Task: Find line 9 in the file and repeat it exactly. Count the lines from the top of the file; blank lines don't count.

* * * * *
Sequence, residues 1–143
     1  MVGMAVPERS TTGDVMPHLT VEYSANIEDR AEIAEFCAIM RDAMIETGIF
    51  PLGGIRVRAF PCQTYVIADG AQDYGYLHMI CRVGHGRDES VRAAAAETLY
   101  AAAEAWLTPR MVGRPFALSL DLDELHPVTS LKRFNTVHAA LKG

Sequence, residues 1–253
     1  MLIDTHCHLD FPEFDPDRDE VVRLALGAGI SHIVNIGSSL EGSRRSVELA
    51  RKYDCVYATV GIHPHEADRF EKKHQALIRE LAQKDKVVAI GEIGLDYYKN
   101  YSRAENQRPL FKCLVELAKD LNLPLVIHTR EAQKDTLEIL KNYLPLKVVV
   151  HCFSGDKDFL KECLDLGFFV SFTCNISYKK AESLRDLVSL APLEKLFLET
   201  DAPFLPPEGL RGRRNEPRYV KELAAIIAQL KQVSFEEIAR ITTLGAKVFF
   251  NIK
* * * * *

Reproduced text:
   151  HCFSGDKDFL KECLDLGFFV SFTCNISYKK AESLRDLVSL APLEKLFLET